PHOENIX — This was supposed to be the start of something, something fresh and new, the Washington Nationals’ first chance to showcase the bullpen they rebuilt at the trade deadline.
His debut started well, once he retired the first two batters he faced in a Washington uniform. Then it ended with an at-bat, an injury, and uncertainty of what comes next. The Nationals were treating it as a cramp after the game, according to Manager Dave Martinez, but Elías later mentioned “pulling” his hamstring. He will be reevaluated at Chase Field on Saturday.
“I felt a small pull in the back. I can’t tell you if it was the hamstring or a cramp,” Elías said in Spanish through a team interpreter following the win. “I just felt it and immediately decided to shut it down. That’s why they told me they’ll look at it tomorrow more in depth. I can’t give you any details as to what it is.”
Elías curiously stepped into the on-deck circle once the top of the seventh began. Relievers don’t typically hit — and Elías had just six prior at-bats in his career — but Martinez wanted him to face lefty Jake Lamb in the bottom half of the inning. Martinez was already down to three bench players, with Howie Kendrick unavailable due to a leg cramp, and so he sent Elías to the plate.
Martinez instructed Elías to keep the bat on his shoulder. But Elías didn’t listen. He hit a high bouncer over the mound, worked into a sprint, then slowed a step from the base. He then limped off the field, slowly, and was checked out by athletic trainer Paul Lessard in the dugout. While he went to the trainer’s room, the Nationals’ bullpen pieced together the rest of its best performance of the season. Joe Ross had allowed Arizona’s lone hit, to starter Alex Young, in 5 ⅓ innings. Elías got his two outs without a hitch. Then Hunter Strickland, another new addition, pitched a perfect seventh, Fernando Rodney matched that in the eighth, and Sean Doolittle did the same with a one-two-three ninth.
Washington, in turn, inched back to within six games of the Atlanta Braves in the National League East. But the victory may come with a painful price.
“He was told not to swing, about as many times as I could tell him in Spanish and English,” Martinez said of Elías. “But he’s competitive, you know?”
“First of all, Davey told me not to swing,” was how Elías began his postgame interview with a small group of reporters. “But being an athlete, and you’re a competitor out there, I figured I’d try to put the ball in play. Once I saw the ball, I thought there was a good chance for me to beat it out.”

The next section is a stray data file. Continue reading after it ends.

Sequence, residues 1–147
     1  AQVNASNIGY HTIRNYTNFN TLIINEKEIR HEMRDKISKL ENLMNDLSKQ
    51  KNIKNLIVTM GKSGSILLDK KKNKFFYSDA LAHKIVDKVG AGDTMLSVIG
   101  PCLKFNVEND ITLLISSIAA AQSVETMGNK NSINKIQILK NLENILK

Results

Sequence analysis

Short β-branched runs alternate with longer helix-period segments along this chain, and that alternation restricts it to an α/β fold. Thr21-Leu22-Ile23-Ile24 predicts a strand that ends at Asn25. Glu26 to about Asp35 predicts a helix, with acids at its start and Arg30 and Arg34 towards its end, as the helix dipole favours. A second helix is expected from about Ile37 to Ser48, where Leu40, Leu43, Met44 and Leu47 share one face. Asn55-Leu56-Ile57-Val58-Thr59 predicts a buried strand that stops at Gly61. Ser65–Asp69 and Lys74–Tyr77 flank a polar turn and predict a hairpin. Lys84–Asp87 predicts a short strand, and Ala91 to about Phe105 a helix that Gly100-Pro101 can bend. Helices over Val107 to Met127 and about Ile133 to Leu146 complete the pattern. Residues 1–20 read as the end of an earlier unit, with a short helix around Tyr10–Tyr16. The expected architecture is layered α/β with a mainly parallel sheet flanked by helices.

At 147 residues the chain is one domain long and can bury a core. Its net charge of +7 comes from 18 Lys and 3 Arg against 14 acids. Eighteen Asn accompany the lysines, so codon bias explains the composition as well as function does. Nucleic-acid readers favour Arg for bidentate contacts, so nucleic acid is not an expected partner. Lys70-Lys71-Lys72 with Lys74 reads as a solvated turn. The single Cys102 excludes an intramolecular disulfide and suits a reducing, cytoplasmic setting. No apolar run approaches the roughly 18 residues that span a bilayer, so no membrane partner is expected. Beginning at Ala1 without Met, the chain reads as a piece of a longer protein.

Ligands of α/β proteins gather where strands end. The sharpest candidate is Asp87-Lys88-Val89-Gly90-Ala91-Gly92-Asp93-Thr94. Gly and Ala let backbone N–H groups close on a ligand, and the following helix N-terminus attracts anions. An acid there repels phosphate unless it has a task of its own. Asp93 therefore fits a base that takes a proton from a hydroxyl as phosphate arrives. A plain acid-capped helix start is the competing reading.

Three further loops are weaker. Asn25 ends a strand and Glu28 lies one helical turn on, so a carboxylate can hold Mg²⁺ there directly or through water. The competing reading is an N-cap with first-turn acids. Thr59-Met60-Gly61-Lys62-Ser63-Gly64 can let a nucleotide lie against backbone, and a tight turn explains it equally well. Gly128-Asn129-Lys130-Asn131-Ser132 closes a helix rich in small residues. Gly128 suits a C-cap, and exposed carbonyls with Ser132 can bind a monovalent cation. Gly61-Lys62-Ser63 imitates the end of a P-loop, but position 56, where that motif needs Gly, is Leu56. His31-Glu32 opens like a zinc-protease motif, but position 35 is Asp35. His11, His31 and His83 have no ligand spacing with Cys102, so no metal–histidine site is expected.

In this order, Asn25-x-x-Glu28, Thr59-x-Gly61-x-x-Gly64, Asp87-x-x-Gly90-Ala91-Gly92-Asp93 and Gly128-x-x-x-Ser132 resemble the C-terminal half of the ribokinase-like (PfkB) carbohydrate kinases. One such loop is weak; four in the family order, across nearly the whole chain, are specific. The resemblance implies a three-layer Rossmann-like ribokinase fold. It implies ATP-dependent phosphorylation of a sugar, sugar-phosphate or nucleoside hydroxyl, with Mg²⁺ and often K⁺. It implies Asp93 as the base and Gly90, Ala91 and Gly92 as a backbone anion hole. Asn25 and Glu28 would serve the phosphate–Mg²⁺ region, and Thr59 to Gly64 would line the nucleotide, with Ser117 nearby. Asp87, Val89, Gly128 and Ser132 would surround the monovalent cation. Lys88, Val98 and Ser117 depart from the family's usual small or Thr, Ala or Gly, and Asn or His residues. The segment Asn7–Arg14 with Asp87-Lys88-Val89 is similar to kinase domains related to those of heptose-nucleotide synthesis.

The Nationals woke up Friday in a three-way tie atop the National League wild-card standings, level with the Philadelphia Phillies and Chicago Cubs, looking toward a tight pennant race. The Nationals have been chasing for weeks now, with the Atlanta Braves as their primary target, missing a few chances to make up ground in the division. Their season has been one long upward climb. And their work is far from finished.
Yet here, in Phoenix, the Nationals are being chased for a change. The Diamondbacks entered this series 3½ games back of Washington and Philadelphia for the second wild card spot. They were the ones doing the simple math, calculating what they needed this weekend, how they could perhaps shift their playoff hopes with a couple wins.
In Arizona’s way, at first, was Ross in the Nationals’ fifth starter spot. Washington improved its bullpen at Wednesday’s trade deadline, acquiring Daniel Hudson from the Toronto Blue Jays, and Strickland and Elias from the Seattle Mariners. But efforts to add a starter fell short, leaving Ross, Erick Fedde and Austin Voth the potential solutions to a rotation depth issue.
Ross took a big step forward Friday, at least eventually, even though his command was shaky at the start. The 26-year-old righty walked five of the first 11 batters he faced. But he escaped the second with a well-placed sinker, inducing an inning-ending double play, and ended the third with a great barehanded play of his own. His outing finished one out into the sixth, at 87 pitches, and that’s when Elías jogged in from the bullpen to protect a two-run lead.
The 31-year-old lefty was crisp right away, getting David Peralta to fly out and striking out Adam Jones on a low breaking ball. But danger lurked once he was told to grab a helmet and bat. He never made it back out to face Lamb in the seventh. Strickland handled the inning instead, and Rodney breezed through the eighth, and almost everything was good and easy for the Nationals’ revamped bullpen.
The caveat was Elías reaching for his leg mid-stride. The takeaway, on a night meant for turning the page, was a gamble gone wrong.
“I’m not that worried about it. I feel pretty good. I can walk around. It doesn’t seem like it hinders me too much to walk around,” Elías said. “We don’t know yet the extent of the injury, but I’m positive it’s not anything serious.
“And a few days out, I might be ready to go.”
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